In economics, an adverse supply shock is a sudden shift in aggregate supply. These shocks can be either positive or negative.
A positive supply shock will increase the number of goods and services supplied by firms and push prices down. When there’s an adverse demand shock, it means that people want less of something than they did before;
For example, if gas prices go up suddenly then people might buy less gasoline which causes a decrease in the price per gallon. An adverse supply shock is when there are fewer goods to sell on the market than expected due to factors such as natural disasters or political conflicts with other countries.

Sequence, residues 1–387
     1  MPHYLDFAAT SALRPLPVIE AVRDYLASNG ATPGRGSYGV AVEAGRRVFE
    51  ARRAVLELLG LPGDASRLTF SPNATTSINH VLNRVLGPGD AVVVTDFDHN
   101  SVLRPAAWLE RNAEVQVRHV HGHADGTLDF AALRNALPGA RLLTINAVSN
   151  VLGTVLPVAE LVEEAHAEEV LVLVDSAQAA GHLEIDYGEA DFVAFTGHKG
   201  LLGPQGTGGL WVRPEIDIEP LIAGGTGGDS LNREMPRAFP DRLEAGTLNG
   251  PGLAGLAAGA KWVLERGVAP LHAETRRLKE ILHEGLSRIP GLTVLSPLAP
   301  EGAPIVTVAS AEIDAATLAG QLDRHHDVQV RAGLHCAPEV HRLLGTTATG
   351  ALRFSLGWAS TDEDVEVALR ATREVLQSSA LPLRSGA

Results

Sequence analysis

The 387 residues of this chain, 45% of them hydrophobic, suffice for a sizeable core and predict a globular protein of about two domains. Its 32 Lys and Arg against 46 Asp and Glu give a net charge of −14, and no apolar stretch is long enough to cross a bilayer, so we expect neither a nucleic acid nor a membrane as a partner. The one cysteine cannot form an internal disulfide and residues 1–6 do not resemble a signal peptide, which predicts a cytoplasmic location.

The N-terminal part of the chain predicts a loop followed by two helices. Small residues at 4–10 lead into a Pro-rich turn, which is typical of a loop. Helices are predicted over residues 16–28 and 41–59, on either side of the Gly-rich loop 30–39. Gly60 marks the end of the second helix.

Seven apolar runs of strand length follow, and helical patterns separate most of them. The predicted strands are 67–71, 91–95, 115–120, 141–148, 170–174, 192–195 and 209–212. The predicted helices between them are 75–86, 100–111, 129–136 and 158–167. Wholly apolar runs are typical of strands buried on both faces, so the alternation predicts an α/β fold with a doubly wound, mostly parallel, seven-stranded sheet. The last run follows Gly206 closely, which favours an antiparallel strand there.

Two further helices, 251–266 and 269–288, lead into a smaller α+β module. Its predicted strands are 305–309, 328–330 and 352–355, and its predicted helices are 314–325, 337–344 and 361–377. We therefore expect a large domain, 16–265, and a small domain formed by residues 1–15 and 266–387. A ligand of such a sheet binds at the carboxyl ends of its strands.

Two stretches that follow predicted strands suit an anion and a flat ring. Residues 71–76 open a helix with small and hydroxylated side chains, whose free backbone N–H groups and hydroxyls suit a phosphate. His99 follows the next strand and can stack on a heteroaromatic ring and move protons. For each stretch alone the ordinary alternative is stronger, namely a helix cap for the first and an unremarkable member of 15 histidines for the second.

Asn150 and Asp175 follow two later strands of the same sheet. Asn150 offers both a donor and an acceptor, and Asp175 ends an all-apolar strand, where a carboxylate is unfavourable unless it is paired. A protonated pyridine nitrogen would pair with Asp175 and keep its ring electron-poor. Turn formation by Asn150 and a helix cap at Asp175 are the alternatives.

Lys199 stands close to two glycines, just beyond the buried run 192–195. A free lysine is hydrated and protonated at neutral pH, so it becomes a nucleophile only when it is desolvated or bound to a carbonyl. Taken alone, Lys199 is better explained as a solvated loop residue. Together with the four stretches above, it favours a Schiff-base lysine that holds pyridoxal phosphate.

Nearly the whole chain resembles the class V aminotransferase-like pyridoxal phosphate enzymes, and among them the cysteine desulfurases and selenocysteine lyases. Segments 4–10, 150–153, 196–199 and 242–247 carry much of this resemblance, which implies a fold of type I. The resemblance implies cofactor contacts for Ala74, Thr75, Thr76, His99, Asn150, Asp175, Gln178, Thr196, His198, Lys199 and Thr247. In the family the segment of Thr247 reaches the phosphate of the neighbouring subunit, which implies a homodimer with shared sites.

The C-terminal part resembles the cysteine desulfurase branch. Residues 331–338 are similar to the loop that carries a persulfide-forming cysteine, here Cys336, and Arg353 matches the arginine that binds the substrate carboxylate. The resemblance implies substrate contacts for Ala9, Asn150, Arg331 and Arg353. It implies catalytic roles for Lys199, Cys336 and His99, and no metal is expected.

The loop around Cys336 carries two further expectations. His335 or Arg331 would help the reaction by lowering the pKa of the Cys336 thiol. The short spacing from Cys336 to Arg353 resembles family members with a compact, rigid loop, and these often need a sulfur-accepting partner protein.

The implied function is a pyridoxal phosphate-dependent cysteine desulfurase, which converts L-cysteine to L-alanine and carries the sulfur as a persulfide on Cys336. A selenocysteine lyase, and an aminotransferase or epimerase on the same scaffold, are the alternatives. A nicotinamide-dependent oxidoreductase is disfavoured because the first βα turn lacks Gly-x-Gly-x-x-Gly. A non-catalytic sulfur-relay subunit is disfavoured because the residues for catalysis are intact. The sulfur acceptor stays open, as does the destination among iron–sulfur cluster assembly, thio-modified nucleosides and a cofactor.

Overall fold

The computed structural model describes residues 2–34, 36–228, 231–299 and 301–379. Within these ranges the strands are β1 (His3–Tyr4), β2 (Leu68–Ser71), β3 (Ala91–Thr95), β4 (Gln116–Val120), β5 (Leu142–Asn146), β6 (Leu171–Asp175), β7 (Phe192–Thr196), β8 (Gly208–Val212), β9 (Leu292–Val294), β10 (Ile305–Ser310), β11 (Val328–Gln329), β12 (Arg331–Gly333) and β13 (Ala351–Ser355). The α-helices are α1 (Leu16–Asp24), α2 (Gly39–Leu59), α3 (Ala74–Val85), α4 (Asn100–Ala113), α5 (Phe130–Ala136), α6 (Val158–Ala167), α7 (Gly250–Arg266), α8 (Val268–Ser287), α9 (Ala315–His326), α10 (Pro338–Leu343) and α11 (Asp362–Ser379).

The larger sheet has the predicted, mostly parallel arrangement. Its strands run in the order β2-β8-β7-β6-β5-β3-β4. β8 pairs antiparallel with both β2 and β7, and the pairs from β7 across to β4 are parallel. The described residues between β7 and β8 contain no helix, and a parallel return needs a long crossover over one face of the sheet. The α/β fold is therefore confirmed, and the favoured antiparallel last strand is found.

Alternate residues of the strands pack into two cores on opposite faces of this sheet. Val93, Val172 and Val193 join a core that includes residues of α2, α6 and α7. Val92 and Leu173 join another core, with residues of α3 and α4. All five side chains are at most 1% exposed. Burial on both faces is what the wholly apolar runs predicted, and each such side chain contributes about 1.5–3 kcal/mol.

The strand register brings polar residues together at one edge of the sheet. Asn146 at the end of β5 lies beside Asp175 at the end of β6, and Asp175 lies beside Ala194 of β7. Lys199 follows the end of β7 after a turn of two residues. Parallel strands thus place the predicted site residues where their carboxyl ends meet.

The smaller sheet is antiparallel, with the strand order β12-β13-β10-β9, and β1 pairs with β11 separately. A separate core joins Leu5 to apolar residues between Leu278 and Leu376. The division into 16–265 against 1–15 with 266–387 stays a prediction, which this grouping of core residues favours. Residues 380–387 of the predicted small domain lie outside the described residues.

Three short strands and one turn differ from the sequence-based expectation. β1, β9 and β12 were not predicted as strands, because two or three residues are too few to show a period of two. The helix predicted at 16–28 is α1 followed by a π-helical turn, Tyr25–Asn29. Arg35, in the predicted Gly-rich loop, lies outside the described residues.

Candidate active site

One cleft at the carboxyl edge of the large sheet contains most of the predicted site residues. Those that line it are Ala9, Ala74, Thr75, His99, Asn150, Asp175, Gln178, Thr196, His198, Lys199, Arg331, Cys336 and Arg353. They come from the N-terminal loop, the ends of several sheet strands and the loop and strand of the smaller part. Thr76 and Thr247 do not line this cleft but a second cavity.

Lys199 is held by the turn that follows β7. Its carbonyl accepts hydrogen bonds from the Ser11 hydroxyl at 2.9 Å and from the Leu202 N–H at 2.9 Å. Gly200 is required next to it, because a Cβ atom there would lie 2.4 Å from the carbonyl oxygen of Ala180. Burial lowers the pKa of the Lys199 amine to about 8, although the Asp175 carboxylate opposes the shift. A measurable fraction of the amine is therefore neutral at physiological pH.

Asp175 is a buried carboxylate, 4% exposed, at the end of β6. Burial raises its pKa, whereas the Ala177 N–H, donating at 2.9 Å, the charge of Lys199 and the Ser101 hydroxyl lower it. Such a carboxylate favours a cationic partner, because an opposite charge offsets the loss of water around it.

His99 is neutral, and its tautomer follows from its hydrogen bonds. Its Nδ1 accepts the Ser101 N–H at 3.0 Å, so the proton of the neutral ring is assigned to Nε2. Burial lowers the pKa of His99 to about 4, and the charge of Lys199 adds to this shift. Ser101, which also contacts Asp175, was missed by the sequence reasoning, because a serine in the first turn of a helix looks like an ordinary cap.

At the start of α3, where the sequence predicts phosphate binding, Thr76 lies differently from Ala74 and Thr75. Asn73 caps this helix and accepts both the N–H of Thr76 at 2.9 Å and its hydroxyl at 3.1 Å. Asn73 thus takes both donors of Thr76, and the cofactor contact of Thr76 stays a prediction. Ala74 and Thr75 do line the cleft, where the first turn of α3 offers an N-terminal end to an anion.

An adverse supply shock will shift short-run aggregate supply, meaning that the economy is producing less and prices are higher. This makes it difficult for firms to produce goods at optimal levels because they have to pay more for their inputs which leads them to cut back on production in order to save money.
Now consumers can’t afford as much since there’s a smaller quantity of products offered on the market with an increased price per unit. There may be shortages or gluts due to shifts in demand rather than changes in real output When people aren’t able to buy what they need, this causes some economic agents (consumers) not being able to find something they value highly enough so that it motivates them to act.